• Atrophy also may occur as a result of the long-term use of topical corticosteroids.
Atrophic skin of the left hip seen in granulomatous slack skin

Atrophic skin of the left hip seen in granulomatous slack skin (T-cell lymphoma)

Image: “Granulomatous slack skin T-cell lymphoma: an important differential diagnosis with giant cell tumor of soft tissue” by Adriano AR, Lima TS, Battistella M, Bagot M. License: CC BY 4.0, cropped by Lecturio.

Lichenification

  • Thickening and hyperpigmentation of the skin resulting from repeated rubbing
  • Normal skin/skinfold markings become more prominent.
  • Examples include:
    • Lichen simplex chronicus
    • Prurigo
    • Atopic dermatitis

Approach to Diagnosing Skin Conditions

Complete medical history

  • Underlying conditions (e.g., autoimmune disorders, diabetes)
  • Accompanying symptoms (e.g., burning, itching)
  • Medications
  • Allergies
  • Evolution and duration of skin lesion, aggravating and alleviating factors
  • Social, sexual, and travel history

Physical examination

A general physical examination as well as a focused dermatologic examination should be performed:

  • Skin and its appendages as well as mucous membranes
  • Performed with the naked eye and using a dermatoscope

Skin features and commonly associated skin conditions and/or lesions to consider:

  • Texture: 
    • Raised: papule, plaque, nodule, cyst, wheal
    • Depressed: ulcer, atrophy
    • Flat: macule, patch
    • Fluid-filled: vesicle, bulla, furuncle, pustule, abscess
  • Morphology: 
    • Dome-shaped: hemangioma
    • Flat-topped: verruca plana
    • Umbilicated: molluscum contagiosum
    • Accuminate: condylomata acuminata
    • Verrucous: verruca vulgaris
    • Pedunculated: acrochordon (skin tag)
  • Diameter: varies per condition
  • Composition: fluid-filled, pus-filled, blood-filled, or solid
  • Borders: regular or irregular, flat or raised
  • Color: hypopigmentation, hyperpigmentation, or erythema
  • Arrangement: grouped (herpetiform)/scattered
  • Configuration: 
    • Annular: tinea corporis, granuloma annulare
    • Round/discoid/nummular: eczema, discoid lupus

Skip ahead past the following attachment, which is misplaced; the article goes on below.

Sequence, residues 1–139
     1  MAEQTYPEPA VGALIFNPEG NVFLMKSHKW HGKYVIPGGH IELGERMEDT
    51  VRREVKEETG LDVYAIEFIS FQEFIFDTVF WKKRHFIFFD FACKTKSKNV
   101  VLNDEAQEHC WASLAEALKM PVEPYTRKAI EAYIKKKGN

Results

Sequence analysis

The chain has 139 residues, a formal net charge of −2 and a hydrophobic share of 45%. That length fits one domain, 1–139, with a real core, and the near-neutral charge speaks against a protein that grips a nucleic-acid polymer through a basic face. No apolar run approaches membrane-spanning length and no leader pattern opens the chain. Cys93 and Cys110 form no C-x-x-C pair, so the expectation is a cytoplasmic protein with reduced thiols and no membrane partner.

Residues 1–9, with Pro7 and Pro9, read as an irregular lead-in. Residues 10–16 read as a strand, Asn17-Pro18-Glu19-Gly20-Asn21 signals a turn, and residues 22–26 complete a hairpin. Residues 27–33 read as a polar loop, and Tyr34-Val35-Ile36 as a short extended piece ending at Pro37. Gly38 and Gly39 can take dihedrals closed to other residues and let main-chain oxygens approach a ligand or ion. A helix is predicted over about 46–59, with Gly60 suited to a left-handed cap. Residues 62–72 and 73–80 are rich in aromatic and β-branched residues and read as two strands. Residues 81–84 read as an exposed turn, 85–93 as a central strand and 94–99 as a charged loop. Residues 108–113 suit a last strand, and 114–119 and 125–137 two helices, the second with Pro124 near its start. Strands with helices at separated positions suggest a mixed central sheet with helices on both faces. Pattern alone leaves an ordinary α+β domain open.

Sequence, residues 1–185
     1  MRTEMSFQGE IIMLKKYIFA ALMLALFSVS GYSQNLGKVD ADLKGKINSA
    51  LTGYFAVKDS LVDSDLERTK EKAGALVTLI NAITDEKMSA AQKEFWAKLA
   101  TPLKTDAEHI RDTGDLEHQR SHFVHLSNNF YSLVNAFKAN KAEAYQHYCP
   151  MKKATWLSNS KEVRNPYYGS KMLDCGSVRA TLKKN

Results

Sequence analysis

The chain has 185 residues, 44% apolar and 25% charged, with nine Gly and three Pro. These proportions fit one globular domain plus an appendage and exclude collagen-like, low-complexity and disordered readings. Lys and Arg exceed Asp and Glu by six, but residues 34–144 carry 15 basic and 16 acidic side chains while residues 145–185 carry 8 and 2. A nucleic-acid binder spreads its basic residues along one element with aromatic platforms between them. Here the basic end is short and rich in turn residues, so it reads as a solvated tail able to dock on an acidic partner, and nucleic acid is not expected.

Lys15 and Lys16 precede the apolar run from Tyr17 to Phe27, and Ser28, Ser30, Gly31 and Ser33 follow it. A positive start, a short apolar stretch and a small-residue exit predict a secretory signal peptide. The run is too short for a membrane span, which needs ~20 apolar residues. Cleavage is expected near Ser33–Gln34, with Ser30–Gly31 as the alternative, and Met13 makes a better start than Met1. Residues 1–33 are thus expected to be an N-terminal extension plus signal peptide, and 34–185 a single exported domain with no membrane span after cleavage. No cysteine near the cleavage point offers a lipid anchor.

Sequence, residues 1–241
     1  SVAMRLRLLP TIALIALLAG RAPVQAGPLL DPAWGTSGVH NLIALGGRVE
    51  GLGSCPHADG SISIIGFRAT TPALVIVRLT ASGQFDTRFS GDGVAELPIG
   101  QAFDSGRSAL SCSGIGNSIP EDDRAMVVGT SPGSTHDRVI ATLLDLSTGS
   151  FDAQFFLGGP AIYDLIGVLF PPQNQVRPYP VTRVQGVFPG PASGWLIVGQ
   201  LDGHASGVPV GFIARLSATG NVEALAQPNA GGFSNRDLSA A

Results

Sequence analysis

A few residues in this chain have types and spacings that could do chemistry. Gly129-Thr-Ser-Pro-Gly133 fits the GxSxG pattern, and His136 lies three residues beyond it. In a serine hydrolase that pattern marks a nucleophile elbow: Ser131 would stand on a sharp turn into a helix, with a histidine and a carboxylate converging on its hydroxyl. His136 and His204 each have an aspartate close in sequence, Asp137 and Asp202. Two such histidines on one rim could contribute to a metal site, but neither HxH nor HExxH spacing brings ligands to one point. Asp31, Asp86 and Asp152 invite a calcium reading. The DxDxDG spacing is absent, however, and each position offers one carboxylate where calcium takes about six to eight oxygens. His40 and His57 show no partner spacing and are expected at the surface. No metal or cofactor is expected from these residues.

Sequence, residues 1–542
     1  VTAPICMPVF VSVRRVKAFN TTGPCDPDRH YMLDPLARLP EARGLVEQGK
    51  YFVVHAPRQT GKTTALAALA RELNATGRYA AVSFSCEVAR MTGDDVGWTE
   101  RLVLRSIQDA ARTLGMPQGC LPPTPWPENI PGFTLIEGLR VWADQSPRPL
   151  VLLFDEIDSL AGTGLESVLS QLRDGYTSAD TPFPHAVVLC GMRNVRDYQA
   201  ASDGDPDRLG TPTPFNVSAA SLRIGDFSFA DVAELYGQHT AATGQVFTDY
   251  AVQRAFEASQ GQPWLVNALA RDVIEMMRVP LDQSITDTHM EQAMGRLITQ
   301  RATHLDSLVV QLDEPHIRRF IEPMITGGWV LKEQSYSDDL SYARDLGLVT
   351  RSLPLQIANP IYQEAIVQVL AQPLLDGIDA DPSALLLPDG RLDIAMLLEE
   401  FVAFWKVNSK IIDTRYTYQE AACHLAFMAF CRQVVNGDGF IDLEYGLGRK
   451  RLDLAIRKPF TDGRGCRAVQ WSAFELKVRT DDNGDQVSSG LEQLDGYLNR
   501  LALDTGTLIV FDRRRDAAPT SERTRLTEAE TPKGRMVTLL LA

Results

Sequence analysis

• Polycyclic: urticaria
    • Arcuate: urticaria
    • Linear: scabies burrow, lichen nitidus
    • Reticular: livedo reticularis
    • Serpiginous: cutaneous larva migrans
    • Targetoid lesions: erythema multiforme
    • Whorled: incontinentia pigmenti
Secondary skin lesions

Secondary skin lesions:
Erosion: discontinuity of the skin with incomplete loss of the epidermis without penetration below the dermal–epidermal junction
Ulcer: complete loss of the epidermis and portions of the dermis and subcutaneous fat resulting in a scar
Fissure: narrow linear crack/split in the skin, extending through the epidermis into the dermis
Atrophy: loss of tissue that can be epidermal, dermal, or subcutaneous with appearance of thin, translucent, and/or wrinkled skin surface
Excoriation: linear abrasion produced by mechanical means (scratching, rubbing, or picking)
Crust: dried exudate of body fluids (blood, pus, or sebum) on an area of damaged skin
Scale: dry or greasy masses of keratin representing thickened stratum corneum
Lichenification: thickening and hyperpigmentation of the skin resulting from repeated rubbing

Image by Lecturio.

Diagnostic procedures

  • Skin biopsy (lesion excised, saucerized, or taken by punch biopsy)
  • KOH preparation: 
    • Lesion is scraped and placed on a glass microscope slide, where it is treated with 1 or 2 drops of a solution of 10%–20% KOH.
    • If fungal infection suspected
  • Tzanck smear: cytologic technique when vesicular conditions are noted (infections from herpes simplex virus or varicella zoster virus).
  • Diascopy: determines whether lesion will blanch under pressure, differentiating a hemorrhagic (does not blanch) from a fluid-filled lesion
  • Wood’s light: 
    • Uses 360-nm UV light to evaluate lesions
    • Conditions: erythrasma (coral pink color), Pseudomonas wound infection (blue), vitiligo (white)
  • Patch test: allergens placed on patient’s back under occlusive dressings and then checked for hypersensitivity reactions after 48 hours

References

  1. Amerson, E. H., Burgin, S., Shinkai, K. (2019). Fundamentals of clinical dermatology: morphology and special clinical considerations. In Kang, S., et al. (Eds.). Fitzpatrick’s Dermatology, 9th ed. McGraw-Hill.
  2. Bolognia, J. L., Schaffer, J.V ., Cerroni, L. (2018). Basic Principles of Dermatology, 4th ed. Edinburgh. Elsevier.

Study on the Go

Lecturio Medical complements your studies with evidence-based learning strategies, video lectures, quiz questions, and more – all combined in one easy-to-use resource.

Learn even more with Lecturio:

Complement your med school studies with Lecturio’s all-in-one study companion, delivered with evidence-based learning strategies.

🍪 Lecturio is using cookies to improve your user experience. By continuing use of our service you agree upon our Data Privacy Statement.

Details